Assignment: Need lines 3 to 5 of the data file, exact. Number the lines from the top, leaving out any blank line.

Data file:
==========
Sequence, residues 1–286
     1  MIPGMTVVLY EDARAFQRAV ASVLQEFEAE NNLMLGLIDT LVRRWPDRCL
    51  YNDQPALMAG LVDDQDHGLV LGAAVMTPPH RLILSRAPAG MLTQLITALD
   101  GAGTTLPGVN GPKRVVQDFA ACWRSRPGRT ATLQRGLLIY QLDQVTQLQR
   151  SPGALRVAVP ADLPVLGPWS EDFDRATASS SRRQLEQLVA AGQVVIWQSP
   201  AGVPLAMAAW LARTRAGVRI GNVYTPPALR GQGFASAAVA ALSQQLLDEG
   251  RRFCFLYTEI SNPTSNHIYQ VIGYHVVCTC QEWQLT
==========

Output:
    51  YNDQPALMAG LVDDQDHGLV LGAAVMTPPH RLILSRAPAG MLTQLITALD
   101  GAGTTLPGVN GPKRVVQDFA ACWRSRPGRT ATLQRGLLIY QLDQVTQLQR
   151  SPGALRVAVP ADLPVLGPWS EDFDRATASS SRRQLEQLVA AGQVVIWQSP